I just got the Ward’s Motor Vehicle Facts and Figures 2011, and it’s as full of useful information as Ripley’s Believe it Or Not. I trust Ward’s, so all this stuff is guaranteed gospel. Overall it adds up to quite an endorsement for the greening of the automobile industry. If you doubt me, read on:

1. Drive, he said: In 2008, the latest available year, Americans drove 2.6 trillion miles, which was up from a mere 1 trillion in 1970. There were only 200 million Americans in 1970, and today there are 311 million, but it still represents a pretty big increase in driving — more than double the total miles (without even including big trucks, buses or motorcycles). Per capita, we went from 9,989 average annual miles to 11,788.

2. Sipping fuel: In that same time period, the amount of fuel used increased, though not as much as you’d expect — cars are now incredibly more fuel-efficient than the big gas guzzlers of 1970. You should see the declines in V-8 engines (while four-bangers are on the rise)! We used 67 billion gallons of fuel in 1970, and 71 billion in 2009. Average annual fuel use per capita fell from 737 gallons to 522 (2008). The key to understanding those numbers is explained by that svelte number at right — the 2011 Prius and its 50 mpg combined fuel economy.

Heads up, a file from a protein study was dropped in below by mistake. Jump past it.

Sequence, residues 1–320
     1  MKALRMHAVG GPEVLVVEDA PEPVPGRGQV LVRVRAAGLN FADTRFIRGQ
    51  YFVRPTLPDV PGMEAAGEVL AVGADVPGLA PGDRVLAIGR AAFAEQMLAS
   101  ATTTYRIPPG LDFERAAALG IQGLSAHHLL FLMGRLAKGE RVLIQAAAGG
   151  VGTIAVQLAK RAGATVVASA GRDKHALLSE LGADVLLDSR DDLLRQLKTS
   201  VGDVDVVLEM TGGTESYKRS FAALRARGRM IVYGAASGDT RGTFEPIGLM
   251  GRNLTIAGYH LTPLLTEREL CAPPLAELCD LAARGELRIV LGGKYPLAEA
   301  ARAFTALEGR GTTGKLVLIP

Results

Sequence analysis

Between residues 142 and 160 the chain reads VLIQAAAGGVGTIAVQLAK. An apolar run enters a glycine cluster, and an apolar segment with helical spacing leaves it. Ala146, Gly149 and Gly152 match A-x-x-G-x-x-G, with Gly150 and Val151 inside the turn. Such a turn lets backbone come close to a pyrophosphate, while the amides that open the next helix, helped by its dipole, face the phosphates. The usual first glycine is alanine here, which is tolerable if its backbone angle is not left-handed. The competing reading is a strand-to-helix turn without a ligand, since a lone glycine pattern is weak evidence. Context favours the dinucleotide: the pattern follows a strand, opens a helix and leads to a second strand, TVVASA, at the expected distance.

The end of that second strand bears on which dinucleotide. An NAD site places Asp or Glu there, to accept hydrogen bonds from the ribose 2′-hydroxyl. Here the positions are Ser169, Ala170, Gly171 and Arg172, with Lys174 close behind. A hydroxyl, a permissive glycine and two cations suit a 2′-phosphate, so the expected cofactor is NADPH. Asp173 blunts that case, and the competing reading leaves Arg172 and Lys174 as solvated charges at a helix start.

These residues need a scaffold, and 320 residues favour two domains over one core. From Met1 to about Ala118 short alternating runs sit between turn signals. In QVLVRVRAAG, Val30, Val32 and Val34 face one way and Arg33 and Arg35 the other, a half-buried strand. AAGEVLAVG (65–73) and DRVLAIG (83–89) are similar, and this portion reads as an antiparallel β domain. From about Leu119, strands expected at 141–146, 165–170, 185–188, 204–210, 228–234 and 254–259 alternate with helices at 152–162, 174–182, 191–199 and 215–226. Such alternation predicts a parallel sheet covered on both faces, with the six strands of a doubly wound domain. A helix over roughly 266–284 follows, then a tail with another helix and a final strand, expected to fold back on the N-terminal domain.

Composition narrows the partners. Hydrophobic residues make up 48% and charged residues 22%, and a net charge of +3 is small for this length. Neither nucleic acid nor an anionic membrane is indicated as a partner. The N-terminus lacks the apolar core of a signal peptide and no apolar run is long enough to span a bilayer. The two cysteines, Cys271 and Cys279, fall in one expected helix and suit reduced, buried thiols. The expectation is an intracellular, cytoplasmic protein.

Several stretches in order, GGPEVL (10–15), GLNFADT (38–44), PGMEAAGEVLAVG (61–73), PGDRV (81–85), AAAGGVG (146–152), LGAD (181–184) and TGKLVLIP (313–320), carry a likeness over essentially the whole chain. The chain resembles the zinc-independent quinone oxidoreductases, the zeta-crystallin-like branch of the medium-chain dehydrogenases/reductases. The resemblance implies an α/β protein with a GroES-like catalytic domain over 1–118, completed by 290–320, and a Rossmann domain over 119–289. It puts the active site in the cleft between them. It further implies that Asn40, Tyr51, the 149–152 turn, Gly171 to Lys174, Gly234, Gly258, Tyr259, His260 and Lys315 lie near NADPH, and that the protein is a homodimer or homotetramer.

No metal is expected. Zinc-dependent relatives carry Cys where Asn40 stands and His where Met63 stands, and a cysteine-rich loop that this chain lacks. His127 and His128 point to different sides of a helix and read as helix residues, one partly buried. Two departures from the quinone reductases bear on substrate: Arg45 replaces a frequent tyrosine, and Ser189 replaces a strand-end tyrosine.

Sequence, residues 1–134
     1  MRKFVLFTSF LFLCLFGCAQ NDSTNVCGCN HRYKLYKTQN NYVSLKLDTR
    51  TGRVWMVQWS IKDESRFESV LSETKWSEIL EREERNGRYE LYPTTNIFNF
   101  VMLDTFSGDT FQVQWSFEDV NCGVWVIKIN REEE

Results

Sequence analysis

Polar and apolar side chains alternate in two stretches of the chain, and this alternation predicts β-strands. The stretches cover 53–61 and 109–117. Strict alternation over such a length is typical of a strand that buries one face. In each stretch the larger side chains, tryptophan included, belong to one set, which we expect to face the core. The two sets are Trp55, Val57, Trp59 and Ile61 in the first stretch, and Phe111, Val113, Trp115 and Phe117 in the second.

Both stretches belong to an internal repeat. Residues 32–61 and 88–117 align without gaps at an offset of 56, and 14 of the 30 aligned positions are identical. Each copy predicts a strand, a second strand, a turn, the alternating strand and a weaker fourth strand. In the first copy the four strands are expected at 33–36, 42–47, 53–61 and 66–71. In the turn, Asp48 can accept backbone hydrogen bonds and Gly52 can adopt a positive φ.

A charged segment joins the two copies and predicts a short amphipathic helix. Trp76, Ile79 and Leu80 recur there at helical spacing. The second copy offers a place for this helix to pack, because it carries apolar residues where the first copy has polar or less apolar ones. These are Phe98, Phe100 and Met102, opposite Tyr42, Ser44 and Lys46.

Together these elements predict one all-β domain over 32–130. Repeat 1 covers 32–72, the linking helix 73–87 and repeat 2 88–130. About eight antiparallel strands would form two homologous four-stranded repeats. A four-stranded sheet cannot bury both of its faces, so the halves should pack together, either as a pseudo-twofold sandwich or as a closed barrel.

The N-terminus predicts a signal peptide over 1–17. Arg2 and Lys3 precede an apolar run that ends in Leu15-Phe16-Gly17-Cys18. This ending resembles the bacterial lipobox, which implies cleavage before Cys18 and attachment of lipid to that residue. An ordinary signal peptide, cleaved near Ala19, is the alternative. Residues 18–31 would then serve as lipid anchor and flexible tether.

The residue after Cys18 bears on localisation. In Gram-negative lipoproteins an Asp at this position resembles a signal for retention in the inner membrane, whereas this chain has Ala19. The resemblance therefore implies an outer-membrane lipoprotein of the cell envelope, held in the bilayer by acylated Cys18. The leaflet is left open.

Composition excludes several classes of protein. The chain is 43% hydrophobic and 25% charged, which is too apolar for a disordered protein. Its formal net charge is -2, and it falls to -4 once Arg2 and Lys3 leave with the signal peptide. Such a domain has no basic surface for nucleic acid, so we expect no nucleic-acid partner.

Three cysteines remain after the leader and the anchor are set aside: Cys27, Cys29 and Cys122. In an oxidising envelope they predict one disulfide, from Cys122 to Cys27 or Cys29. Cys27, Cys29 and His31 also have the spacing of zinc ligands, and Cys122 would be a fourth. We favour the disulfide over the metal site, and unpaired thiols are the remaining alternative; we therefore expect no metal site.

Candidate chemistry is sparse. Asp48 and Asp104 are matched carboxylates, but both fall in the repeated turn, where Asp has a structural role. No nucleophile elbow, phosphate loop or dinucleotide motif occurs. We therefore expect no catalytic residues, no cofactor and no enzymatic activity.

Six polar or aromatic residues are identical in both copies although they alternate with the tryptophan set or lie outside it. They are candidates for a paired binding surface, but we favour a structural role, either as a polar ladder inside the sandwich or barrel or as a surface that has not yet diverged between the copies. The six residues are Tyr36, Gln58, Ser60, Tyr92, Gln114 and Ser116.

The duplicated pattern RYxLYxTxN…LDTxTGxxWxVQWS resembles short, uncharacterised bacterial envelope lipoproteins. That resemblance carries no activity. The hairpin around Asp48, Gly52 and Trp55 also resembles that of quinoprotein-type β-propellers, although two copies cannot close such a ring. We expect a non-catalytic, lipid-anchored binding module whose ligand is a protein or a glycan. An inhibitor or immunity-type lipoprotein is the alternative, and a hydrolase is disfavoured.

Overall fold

3. California dreamin’ (and drivin’): Which state do you think has the most vehicle miles traveled? You’re right if you guessed the “one big freeway” state of California, which swamped the competition with 324 billion in 2009. Next up, Texas, at 230 billion. This is why California needs its own emission standards. The state with the fewest miles traveled was Delaware (3 billion), followed by Alaska (4.9 billion). That’s funny, the biggest state (with a whole mess o’ wilderness), and one of the smallest.

4. Toyota rules: The carmaker with the best corporate average domestic fleet fuel economy performance for 2010 was Toyota (36.4 mpg), followed in descending by Subaru (34.8), Honda (34.7), Ford (32.3), GM (30.6) and Chrysler (28).

5. Read it and weep: Like I said, cars are more fuel-efficient: Gas guzzler tax receipts fell from a high of $201 million in 2005 to just $99.3 million in 2009. Average price for a gallon of regular gas in 1985: $1.20 a gallon. In 2010: $2.78. Today: $3.70.

Yes, we haven’t done much to curb out appetite for headin’ out to the highway, but we’ve been scared straight by high gas prices and we’re doing it in much greener cars and trucks.

Jim Motavalli ( @jmotavalli ) writes about cars, technology and the environmental world to anyone curious enough to ask.

5 super-interesting car facts we just learned
We still drive when our destination is across the street, but Americans are buying cleaner cars and using less gas these days.